Sri Lanka Adventures (first post)


We got back home to Saudi last week after our vacation to Sri Lanka. Almost three weeks away from home can really make you miss the place. Even if it is the desert! We had only been home for a few months since our last trip. But since I have an expanding waist line, and in a few months, will have an extra human to carry with us, we took advantage of the opportunity to travel now while I was still able to enjoy it.

When we left, Saudi we had a connecting flight in Doha, Qatar. There a woman noticed I was pregnant and needed to know how far along I was. I guess they have a rule that you need a Dr’s note from your own Dr and the Dr at the Doha airport if you are 28 weeks along. My husband was hoping for some special treatment I think from the airline. They did let us board with the first group of passengers. I personally would rather have hid it, to avoid any special treatment. On our flight home, our seats were in the emergency row. And once again, the belly gave it away and I was told that I couldn’t sit there because they needed “able bodies” in the event of an emergency. It worked out to our favor this time, as they moved us to the center row of four seats. We had it all to ourselves! Plenty of room for activities!

Once on land in Sri Lanka, the mode of transportation became tuktuk, bus, and train for the most part. Tuktuks are cheap to use. It basically is a little scooter with two wheels in the back and a partially enclosed space for two or three to fit snuggly inside. In my experience, most of the tuktuk drivers will wait till the last second to brake and stop within inches of another vehicle. So there may have been many little heart attacks had by me. And there will be those drivers who will try to charge too much. Sometimes, you pay too much because you just don’t have any fight left, and need to get to point B. And then there are those younger drivers who have decked out their tuktuk with blue neon lights and a stereo system in the back!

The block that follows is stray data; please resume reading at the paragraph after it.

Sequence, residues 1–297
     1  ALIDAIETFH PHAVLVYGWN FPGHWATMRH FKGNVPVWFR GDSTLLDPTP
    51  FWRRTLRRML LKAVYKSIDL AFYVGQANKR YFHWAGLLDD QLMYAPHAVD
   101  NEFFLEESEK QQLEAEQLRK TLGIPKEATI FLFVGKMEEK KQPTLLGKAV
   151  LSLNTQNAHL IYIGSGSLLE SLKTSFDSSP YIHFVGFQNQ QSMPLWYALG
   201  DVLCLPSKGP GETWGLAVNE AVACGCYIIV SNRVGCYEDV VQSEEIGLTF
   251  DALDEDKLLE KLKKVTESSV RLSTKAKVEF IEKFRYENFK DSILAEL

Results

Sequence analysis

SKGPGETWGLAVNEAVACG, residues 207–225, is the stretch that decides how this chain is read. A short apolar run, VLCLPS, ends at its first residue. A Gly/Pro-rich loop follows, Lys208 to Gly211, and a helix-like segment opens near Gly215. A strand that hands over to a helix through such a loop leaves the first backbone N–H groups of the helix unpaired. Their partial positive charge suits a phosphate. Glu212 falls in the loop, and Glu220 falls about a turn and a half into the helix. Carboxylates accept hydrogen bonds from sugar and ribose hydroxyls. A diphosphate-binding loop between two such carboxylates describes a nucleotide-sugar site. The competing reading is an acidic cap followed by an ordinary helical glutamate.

DSCN0004 Our first tuktuk driver.

The trains were such an experience. Crammed with people. Sometimes there was only standing room available. Not always a very clean way to travel, especially if you have a small baby pressing on your bladder forcing you to use the toilet on the train. But once again it was a super cheap way to travel. I read that the rail system carries 3 million passengers daily in Sri Lanka. People watching is such a fun thing to do on the trains, along with the ever changing views out the windows. The windows thankfully, can be opened, to allow fresh air. And if you stick your head out the window you will find that you are not alone in sticking body parts or cameras out the windows along any of the rides. That is something that would never happen in the U.S. There were signs in a few of the trains that had a “reserved for pregnant mothers” sign at one of the seats. But I never needed to use that particular seat, as those trains weren’t completely full of passengers. I could sit were I wanted. One time, I even sat across from a monk and then realized afterward that it was reserved for monks. No one told me to move. So I stayed.


The buses were also a cheap way to travel and even more packed than the trains. Like bodies smashed against each other packed. I was smashed in one time, standing room only and directly in front of this man who sat in the “reserved for pregnant mothers seat” for twenty minutes he saw me standing there and didn’t offer me his seat. I wasn’t really upset about it. And a kind lady eventually motioned me to her seat as she got off the bus. Believe it or not, most times when a person offered me their seat, it was another woman. Just an observation I had.

CAM00525 additional air flow in the train.

CAM00714 A cute boy who didn’t mind the 7 hour plus train ride. Never once did he cry. (this was also the most up to date train I rode while traveling)

When traveling in other countries like this, I always felt a bit of worry about when I was supposed to get off the train or bus. After all, I know the name of the town, but have to other landmarks or indication of when to get off (“get down” as they would say in Sri Lanka). Somehow it always worked out though. Either a store sign would give me an indication that I was in the right town, or the buss would actually stop at a large bus stop and that was the indication that it was the end of the line. Sometimes, a nearby passenger would kindly tell you when to get down, if they understood your request for help.

Both the buses and the trains would have vendors who would get on board at stops to sell little bags of peanuts, mango slices, popcorn, some other food items that I didn’t want to try, even whole ears of cooked corn. I usually had my trusty snack of Ritz crackers to satisfy my hunger while traveling long distance. One lady gave me a cup of yogurt also.

I think I will try to break up the Sri Lanka adventures into a few posts, so its not one incredibly long read. So be on the lookout for the next one.